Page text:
Why you should still go to a tournament even if you may not win any tournament matches
I’m not sure where this idea comes from, but I have talked to a number of people online and locally who believe that they if they go to a tournament they will walk into the tournament, pay the entry fee, lose two games and then immediately leave the venue, get back in their car or on a bus and take a long drive or ride or flight home. If you are a fan of fighting games, there is never a better chance to be around more people with that same interest than at a tournament, where there are actual people willing to talk about games and give you tips with absolutely no interference from forum trolls or stream monsters. There is also tech that people will share in person that they do not post online. When you try to weigh the solo travel cost against the benefit of an hour at the venue, of course it seems like the trip isn’t worth it; the problem is that if you are balancing the solo travel cost against only one hour at the venue, then you have an unrealistic value entered for every variable in that equation. As you can probably tell from the pictures, the idea that there is nothing to do after you are eliminated from a tournament is completely ridiculous. For example, on the Saturday nights of both EVO and NEC, I didn’t go to sleep until sometime after 5:00am.
Another reason these events are so fun is that you get to meet people in person that you have talked to or played online. When you make friends who live outside of your area, it adds another reason, besides the games themselves, to show up to future tournaments. I’ve seen people take long drives and plane flights to attend tournaments where they weren’t going to enter any games just so that they could hang out with other people in the community and have a good time.
Making new friends also helps with the issue of how you can afford to go to a tournament. Hotel rooms, gas, tolls and other travel expenses become less of a concern when you can split them amongst a group of people. Splitting up the cost will not only save everyone money, it will probably make the trip, especially the travel time, more enjoyable. Even if you are going to a major and no one else in your area is going you can still split a hotel room with people from other areas who are also going. So when you look at it again, solo travel expenses vs. an hour at the venue is not a choice that anyone actually has to make; a more accurate assessment would be split travel expenses vs. 36-72 hours of fun and a lot of memories. If traveling to a big event is still out of your reach, there are local tournaments, weeklies, biweeklies, monthlies and special events you can still go to and meet people to play against and possibly travel with to other events in the future.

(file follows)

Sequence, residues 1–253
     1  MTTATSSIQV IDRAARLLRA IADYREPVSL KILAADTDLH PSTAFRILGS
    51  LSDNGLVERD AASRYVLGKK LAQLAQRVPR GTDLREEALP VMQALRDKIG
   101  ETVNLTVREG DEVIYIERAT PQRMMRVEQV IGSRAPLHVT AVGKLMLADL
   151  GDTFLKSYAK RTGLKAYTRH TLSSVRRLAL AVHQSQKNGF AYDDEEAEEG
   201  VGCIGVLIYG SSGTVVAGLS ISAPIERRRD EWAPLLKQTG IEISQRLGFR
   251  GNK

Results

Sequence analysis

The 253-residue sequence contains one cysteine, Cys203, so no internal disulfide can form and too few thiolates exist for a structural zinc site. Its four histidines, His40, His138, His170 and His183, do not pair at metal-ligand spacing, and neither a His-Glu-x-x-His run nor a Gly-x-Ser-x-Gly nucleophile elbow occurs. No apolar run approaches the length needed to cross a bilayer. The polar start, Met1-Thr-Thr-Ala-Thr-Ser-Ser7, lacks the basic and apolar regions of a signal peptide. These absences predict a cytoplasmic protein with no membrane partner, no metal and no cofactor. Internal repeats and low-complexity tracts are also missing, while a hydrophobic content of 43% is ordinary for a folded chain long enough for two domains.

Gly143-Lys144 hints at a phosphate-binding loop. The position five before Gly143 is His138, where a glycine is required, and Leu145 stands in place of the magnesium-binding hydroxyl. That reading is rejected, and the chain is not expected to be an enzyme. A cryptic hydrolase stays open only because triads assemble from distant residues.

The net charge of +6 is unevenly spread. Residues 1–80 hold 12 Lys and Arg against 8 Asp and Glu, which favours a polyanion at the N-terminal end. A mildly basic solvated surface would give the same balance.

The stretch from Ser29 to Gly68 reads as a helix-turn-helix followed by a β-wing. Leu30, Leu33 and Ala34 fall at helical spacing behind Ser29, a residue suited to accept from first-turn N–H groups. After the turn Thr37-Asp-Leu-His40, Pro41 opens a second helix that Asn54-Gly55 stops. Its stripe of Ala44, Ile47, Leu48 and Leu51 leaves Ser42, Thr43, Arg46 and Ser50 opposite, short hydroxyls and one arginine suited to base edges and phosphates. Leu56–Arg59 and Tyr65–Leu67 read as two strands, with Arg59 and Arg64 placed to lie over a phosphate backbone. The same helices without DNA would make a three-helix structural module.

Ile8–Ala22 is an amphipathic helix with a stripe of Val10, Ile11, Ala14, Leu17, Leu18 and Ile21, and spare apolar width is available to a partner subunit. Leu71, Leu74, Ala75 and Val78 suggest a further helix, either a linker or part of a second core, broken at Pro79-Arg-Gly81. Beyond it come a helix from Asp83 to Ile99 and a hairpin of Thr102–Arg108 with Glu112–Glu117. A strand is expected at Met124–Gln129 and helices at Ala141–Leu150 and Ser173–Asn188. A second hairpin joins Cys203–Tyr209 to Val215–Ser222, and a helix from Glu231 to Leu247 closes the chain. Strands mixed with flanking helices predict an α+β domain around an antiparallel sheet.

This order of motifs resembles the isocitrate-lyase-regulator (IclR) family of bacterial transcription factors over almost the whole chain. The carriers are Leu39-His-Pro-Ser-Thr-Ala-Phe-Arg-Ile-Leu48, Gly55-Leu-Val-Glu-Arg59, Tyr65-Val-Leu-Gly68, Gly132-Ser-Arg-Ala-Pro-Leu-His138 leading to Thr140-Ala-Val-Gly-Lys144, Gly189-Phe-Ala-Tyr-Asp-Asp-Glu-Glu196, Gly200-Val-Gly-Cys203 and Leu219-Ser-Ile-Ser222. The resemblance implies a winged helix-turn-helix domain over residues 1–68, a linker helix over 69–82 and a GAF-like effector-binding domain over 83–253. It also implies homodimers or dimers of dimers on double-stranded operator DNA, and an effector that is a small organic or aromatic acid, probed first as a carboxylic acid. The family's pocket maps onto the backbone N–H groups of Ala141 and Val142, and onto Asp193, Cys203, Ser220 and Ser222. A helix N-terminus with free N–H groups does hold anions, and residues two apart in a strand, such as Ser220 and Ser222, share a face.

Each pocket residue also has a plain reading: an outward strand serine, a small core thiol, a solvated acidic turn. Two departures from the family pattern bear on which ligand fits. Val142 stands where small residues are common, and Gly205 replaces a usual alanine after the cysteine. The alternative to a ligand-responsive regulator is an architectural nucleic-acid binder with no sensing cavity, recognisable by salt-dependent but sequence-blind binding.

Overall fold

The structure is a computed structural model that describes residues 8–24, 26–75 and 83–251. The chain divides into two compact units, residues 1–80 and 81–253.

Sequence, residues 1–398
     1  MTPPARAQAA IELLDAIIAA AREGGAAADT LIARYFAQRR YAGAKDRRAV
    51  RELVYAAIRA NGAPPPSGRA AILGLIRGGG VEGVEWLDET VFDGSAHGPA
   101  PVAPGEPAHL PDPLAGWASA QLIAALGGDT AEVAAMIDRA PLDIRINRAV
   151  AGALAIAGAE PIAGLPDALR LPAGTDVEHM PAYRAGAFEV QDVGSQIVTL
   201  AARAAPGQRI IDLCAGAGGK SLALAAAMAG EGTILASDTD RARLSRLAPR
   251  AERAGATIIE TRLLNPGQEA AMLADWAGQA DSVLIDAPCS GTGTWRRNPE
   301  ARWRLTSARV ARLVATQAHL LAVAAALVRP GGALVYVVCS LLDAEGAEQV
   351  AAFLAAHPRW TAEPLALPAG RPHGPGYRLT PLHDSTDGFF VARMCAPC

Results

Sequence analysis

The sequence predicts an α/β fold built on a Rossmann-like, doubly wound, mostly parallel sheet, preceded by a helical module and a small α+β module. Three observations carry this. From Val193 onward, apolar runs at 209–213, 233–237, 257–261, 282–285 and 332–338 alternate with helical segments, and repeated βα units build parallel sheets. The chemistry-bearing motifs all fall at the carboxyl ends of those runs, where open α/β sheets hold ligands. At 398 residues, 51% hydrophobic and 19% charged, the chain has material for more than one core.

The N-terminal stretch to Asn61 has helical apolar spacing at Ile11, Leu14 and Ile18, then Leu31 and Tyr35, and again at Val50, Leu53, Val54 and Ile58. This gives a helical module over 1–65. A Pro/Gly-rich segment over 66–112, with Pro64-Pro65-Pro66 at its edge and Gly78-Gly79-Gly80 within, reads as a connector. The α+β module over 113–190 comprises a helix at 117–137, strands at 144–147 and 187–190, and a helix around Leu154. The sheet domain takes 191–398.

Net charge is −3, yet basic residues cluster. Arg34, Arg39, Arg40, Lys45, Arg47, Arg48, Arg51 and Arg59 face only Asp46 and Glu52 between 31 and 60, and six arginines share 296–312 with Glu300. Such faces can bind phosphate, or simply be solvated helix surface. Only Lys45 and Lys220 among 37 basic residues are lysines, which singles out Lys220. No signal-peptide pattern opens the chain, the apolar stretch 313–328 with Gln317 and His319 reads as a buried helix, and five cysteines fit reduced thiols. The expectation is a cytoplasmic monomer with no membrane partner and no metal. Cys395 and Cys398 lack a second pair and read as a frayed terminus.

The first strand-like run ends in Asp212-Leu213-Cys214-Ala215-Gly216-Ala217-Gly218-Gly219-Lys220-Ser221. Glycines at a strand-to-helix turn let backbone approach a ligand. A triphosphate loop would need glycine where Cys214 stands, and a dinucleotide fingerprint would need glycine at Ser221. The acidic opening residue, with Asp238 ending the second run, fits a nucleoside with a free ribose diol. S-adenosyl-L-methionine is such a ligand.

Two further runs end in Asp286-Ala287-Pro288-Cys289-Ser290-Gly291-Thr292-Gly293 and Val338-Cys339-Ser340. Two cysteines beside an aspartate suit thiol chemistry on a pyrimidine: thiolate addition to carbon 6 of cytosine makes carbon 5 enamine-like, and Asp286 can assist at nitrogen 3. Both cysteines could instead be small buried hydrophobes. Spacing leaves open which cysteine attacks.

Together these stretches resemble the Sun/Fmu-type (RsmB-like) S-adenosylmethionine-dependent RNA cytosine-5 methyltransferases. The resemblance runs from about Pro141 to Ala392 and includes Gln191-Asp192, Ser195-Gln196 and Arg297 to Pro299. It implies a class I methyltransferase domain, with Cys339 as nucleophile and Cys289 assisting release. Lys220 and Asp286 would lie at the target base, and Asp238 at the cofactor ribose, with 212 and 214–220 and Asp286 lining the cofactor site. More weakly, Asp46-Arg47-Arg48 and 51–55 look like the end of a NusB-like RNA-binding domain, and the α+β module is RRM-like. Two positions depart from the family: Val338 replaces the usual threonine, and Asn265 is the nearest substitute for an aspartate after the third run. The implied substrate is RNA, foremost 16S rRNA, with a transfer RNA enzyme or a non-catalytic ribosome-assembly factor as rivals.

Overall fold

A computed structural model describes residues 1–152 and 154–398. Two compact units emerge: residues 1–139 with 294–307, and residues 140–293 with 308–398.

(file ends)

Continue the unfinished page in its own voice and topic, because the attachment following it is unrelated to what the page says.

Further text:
If you’ve only experienced fighting games like other genres of video games in which you only play against faceless competition online, and the thought of Marvel or Street Fighter or KOF doesn’t bring to mind the faces of people that you actually know as easily as it does the faces of characters from the game then you are only experiencing half of what fighting games are about. You meet people, you talk to them, you order pizza or Chinese food with them, and that is where the community part of the term fighting game community comes from. This is a community that started face to face, and even with the rise of online gaming it is still a face-to-face community at high levels. You can observe this community from your couch or desk but you can’t fully understand what drives it until you come out to an event.
Great job to Eric for composing such a solid, comprehensive piece. We hope to see other individuals come forward to offer their insights on the scene and changes they aspire to see going forward.
Photo credit: Eric Stewart